With the United States and its European allies pressing for Yanukovich to change his mind, Russia has frozen further disbursements under the $15 billion aid package of credits and cheaper gas until it sees the colour of Kyiv's next government.
Russian Finance Minister Anton Siluanov has also pointedly reminded Kyiv of its gas debt of $2.7 billion to Moscow.
"We will fulfil what we have promised to Ukraine, but we would like the Ukrainian side to comply with the obligations that it has committed to," he said on Saturday.
The Ukrainian government announced on 21 November that it had decided to stop its preparations to sign an Association Agreement (AA) with the EU.
Following the news that Yanukovich failed to sign the AA at the Vilnius summit on 28-29 November, hundreds of thousands of Ukrainians took to the streets demanding his resignation [read more]. The protests, called EuroMaidan, have lasted ever since.
On 16 January supporters of Ukrainian President Viktor Yanukovich hastily pushed through in Parliament new laws, in an attempt to curb anti-government protests. The Commission called these laws “shocking” and “disrespectful to democracy” [read more].
The new legislation, which ran to more than 100 pages and a summary of which in English was obtained by EurActiv, appeared directed mainly at preparing the ground for action to end the street protests. On 28 January the parliament revoked this legislation and the prime minister, Mykola Azarov, resigned. He was replaced by Serhiy Arbuzov, a close ally of Yanukovich.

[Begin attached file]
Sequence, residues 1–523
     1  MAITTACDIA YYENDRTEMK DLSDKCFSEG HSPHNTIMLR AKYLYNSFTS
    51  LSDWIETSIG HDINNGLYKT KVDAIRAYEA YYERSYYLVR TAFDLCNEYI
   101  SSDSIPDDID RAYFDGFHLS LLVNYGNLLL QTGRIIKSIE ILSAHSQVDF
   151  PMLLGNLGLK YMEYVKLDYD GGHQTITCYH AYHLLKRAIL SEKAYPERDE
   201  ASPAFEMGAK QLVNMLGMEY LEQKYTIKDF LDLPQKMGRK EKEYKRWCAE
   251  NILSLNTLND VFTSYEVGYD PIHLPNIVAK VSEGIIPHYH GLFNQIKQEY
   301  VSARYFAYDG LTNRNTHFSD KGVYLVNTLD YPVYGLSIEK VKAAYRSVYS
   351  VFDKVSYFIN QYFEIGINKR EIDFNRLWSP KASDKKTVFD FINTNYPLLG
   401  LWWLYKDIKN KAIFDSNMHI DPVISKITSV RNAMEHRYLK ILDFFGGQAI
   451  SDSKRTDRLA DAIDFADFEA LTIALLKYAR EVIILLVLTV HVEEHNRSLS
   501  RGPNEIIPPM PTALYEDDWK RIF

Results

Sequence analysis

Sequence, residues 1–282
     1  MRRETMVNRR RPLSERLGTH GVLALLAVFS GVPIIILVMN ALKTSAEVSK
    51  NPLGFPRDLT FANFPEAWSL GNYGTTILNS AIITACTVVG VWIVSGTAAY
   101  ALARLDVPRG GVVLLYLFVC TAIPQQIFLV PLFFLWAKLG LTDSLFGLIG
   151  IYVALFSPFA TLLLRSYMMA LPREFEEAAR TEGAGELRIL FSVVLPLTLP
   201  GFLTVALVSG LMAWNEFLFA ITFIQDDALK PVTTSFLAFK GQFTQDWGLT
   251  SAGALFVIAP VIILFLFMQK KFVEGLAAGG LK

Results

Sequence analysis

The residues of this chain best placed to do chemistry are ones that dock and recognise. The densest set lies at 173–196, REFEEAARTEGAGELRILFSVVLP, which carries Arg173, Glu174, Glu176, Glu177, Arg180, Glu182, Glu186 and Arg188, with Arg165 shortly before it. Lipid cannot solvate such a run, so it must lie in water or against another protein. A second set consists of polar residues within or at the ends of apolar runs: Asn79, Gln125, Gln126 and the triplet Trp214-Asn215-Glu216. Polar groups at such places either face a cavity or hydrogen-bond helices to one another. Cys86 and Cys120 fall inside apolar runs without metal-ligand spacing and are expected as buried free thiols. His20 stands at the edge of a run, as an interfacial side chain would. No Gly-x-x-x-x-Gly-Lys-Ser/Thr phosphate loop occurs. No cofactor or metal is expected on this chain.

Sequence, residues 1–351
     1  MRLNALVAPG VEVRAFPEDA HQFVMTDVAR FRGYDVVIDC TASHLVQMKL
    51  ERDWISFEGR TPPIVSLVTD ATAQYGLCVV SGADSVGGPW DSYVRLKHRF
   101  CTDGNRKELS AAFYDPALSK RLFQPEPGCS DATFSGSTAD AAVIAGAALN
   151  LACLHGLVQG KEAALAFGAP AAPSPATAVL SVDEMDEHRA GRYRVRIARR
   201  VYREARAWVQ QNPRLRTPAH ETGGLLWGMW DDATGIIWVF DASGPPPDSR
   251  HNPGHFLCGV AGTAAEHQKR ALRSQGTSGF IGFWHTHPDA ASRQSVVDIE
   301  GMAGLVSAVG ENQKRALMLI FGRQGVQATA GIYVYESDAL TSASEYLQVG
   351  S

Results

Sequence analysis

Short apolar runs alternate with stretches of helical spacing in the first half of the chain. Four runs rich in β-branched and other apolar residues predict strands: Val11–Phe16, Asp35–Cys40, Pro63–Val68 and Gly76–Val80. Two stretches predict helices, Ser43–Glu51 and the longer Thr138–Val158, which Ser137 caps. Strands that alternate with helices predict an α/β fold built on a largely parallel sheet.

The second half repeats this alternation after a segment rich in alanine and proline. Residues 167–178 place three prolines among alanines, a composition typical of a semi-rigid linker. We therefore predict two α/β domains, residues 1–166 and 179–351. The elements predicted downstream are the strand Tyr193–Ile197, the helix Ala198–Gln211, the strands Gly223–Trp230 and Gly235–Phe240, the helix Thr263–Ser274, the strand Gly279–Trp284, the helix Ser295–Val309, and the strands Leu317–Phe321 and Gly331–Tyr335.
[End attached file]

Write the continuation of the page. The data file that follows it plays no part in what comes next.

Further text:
Six people have been killed and hundreds have been injured in street battles between anti-government demonstrators and police which escalated sharply after the authorities toughened their response. The police officer who died on the street on Wednesday night took the death toll to seven.
Vadim Karasyov, Ukrainian political expert, sent to EurActiv the following comment to this article.
“Apart from criticism from the oppositional leaders, Ukraine's leadership also faces pressure from the EU and the US. In the same way, the leaders of the opposition are under pressure from the Euromaidan, which doesn't have a single leader.
“More and more often, Euromaidan's goals don't coincide with views of three chief opposition politician. Significantly, the appeal of the opposition for a national strike, as well as 6 previous ones, has been ignored by the Ukrainian people. It can be said that at present the leaders of the opposition can't reach consent one no single key issue, be it a single candidate for presidential elections, who should be the prime minister, what changes to the constitution of Ukraine to be made, or releasing the administrative buildings by the protestors.
"Official EU representatives again risk repeating the mistake made in the period of Ukraine's attempt to sign the Association Agreement. At that time the EU, having ignored the financial component, was insisting that Ukraine should fulfil specific conditions by Ukraine, the majority of which was in fact fulfilled. Now the EU is once again laying down conditions for its financial assistance. This time the EU insists on carrying out economic reforms. But no specifics are provided. And in the EU eyes, Russia can again be blamed, because it has suspended allocation of the credit to Ukraine and demands the repayment of gas debts.”
- 10 Feb.: EU ministers to discuss Ukraine as agenda item 1 of today's Council meeting